Just over five years ago today, Apple Computer invited members of the press to an event in which Apple would introduce “a breakthrough digital device”. The all-knowing Mac rumor mill quickly swung into action, revealing that the device would be a music device, possibly a portable MP3 player, not a portable MP3 player, a wireless standalone cd-writer, a floor wax, and a dessert topping. Six days later — five years ago, today — Steve Jobs finally got on stage and introduced an overpriced MP3 player, and everyone yawned. Hindsight being 20/20, I’d like to put on my product manager hat and opine on why it’s something anybody cares about today.
1st generation: Oct 23, 2001
c/o: Rjcflyer@aol.com cc
Before I do that, I should clarify something: I do not work for Apple. I have never worked for Apple. I do have friends who work for Apple and they don’t tell me squat about what goes on there. I didn’t bother to talk to any of them about the contents of this article — they’d just refuse to comment. This article reflects my opinion only, and not the opinion of anyone else who writes on this site, nor the opinion of any of my past, present or future employers.
For those who have just returned from 6 years in Subrockistan, the iPod is a portable MP3 player with a few notable qualities:
- You can update the contents of the iPod, and charge the battery, merely by plugging the iPod into your computer.
- It has a staggeringly simple interface — some might say too simple.
- You can find them for sale just about everywhere.
- You can generally have someone else’s when you pry it from their cold, dead hand.
The iPod is a wild success today, but its introduction met with skepticism. It was derided as silly looking, too expensive, too feature-poor, and called a number of things that we can’t print here. Every revision was expected to fail, and every passing year brought claims that this was a fad like the Walkman (only 100 million Walkmans sold in the first 20 years). In the early years of the iPod, no article was complete without a quote from a competitor claiming they would best Apple with more featureful offerings. Meanwhile:
- Apple’s market share in digital music players continues to grow, recently topping 75%. Apple shipped 8.7 million iPods in the last quarter, bringing the total units sold to over 60 million.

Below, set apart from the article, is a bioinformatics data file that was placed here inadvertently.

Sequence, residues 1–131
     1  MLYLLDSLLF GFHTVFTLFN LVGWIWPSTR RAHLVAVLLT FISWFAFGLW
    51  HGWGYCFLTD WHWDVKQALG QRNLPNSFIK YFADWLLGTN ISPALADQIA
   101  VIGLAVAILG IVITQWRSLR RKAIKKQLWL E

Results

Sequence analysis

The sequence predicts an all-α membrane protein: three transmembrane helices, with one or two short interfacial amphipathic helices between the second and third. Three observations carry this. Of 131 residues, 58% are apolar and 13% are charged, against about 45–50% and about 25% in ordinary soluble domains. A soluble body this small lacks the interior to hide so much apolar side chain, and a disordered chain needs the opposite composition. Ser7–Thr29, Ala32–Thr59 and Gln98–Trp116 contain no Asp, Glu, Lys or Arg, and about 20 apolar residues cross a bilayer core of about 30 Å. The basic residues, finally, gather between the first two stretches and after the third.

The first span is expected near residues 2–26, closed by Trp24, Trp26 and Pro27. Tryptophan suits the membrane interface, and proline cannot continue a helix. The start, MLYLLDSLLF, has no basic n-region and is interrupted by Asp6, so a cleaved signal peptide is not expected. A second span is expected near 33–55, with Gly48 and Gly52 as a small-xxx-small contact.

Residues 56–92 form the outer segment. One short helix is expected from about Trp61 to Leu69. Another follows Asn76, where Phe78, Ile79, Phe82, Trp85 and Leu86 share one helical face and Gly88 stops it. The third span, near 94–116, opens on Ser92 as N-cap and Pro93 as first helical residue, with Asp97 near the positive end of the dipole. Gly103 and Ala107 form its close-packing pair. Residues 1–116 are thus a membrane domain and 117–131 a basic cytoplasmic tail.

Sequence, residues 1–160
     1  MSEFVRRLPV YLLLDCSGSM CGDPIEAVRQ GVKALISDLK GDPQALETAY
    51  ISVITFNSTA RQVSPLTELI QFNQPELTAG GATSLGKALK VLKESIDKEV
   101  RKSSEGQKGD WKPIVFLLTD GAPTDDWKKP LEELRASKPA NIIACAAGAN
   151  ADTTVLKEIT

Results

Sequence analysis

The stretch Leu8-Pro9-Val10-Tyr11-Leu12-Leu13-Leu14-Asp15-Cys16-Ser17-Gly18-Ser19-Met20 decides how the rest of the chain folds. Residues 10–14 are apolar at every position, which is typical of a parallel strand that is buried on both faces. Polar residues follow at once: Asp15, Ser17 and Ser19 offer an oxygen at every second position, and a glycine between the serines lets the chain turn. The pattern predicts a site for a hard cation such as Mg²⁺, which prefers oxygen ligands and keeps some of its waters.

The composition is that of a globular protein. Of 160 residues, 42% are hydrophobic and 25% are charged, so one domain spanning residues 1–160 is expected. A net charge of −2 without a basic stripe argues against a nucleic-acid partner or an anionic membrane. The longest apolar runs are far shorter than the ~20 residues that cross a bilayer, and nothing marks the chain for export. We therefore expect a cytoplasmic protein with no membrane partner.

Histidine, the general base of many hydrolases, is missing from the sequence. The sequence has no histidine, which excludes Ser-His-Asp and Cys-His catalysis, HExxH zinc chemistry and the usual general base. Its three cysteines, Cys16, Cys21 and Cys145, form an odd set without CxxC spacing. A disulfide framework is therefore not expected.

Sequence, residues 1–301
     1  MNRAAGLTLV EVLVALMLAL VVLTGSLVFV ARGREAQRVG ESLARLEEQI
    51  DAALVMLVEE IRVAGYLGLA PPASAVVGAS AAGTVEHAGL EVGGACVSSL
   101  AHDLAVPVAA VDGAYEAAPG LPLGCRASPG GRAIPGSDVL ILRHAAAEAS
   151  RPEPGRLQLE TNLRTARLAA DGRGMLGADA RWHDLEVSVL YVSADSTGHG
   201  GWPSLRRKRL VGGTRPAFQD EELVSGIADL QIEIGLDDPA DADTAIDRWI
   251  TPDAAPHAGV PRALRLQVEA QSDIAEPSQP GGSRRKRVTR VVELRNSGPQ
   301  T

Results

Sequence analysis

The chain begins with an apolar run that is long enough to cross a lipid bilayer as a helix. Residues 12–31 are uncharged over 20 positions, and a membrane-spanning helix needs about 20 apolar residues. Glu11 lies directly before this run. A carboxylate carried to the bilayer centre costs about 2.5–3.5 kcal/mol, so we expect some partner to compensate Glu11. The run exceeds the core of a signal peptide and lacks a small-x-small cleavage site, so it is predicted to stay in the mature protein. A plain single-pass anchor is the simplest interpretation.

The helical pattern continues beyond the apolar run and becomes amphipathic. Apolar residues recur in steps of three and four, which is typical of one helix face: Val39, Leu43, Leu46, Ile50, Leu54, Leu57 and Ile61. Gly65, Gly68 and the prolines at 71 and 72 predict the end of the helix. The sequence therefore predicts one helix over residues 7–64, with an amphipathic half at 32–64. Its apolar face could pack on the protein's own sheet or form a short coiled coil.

- The market for iPod accessories is around $1 billion.
- iPods, with their characteristic white headphones, are an increasingly popular robbery target.
- 70% of 2007 model year cars in the us have direct ipod connectivity built in.
- 1.5 billion songs sold via the iTunes store.
That last item bears consideration:
- The iTunes store launched in 2003.
- Depending on whose numbers you believe, digital downloads accounted for somewhere between 5% and 6% of the total music sales market as of the end of last year, and has grown since. The iTunes store currently accounts for somewhere between 80% and 88% of the digital download market.
- In slightly less than 4 years, Apple has gone from nothing to somewhere between 4% and 5% of the worldwide music distribution market, making it a bigger music retailer than Sam Goody or Tower Records, and all without shipping a single CD.
Many people consider the success of the iTunes store as key to the iPod’s success, since music industry lobbied congress to make it illegal to use iTunes music on any non-iPod portable MP3 player. It may make it easier for Apple to retain iPod users in the future, but I know only one person who purchased an iPod and then went on to purchase a non-iPod player. He claims his next unit may be an iPod again. The iPod market is still in wild growth mode, and Apple isn’t worrying about retaining the early adopters — it’s worrying about getting units as possible out the door as fast as possible.
So what has made the iPod successful? I can think of a number of factors. Whether these were intentional or accidental, all of these contributed to the success of the product:
- Timing. The iPod came along at the exact point where pretty much everyone knew about mp3s, but no one had figured out the magic sauce for selling consumer electronics for them.
- It’s a consumer electronics device. Before the iPod, most portable MP3 players were made by computer accessory companies, and they thought like computer accessory companies: users want more features, and don’t care about a lot of configuration hassles. Apple produced a product that fit with music fans’ desire for something more like a home stereo: no more than slightly cryptic, and music, music, music. After the iPod started to take off, the competition introduced new and more confusing features, while Apple tried to make the product simpler still.